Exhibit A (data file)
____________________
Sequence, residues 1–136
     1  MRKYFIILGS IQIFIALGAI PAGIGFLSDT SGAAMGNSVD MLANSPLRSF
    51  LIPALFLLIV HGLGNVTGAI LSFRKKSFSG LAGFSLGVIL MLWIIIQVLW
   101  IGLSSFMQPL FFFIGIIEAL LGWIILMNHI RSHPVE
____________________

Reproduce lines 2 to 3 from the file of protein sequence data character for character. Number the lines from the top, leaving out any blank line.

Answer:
     1  MRKYFIILGS IQIFIALGAI PAGIGFLSDT SGAAMGNSVD MLANSPLRSF
    51  LIPALFLLIV HGLGNVTGAI LSFRKKSFSG LAGFSLGVIL MLWIIIQVLW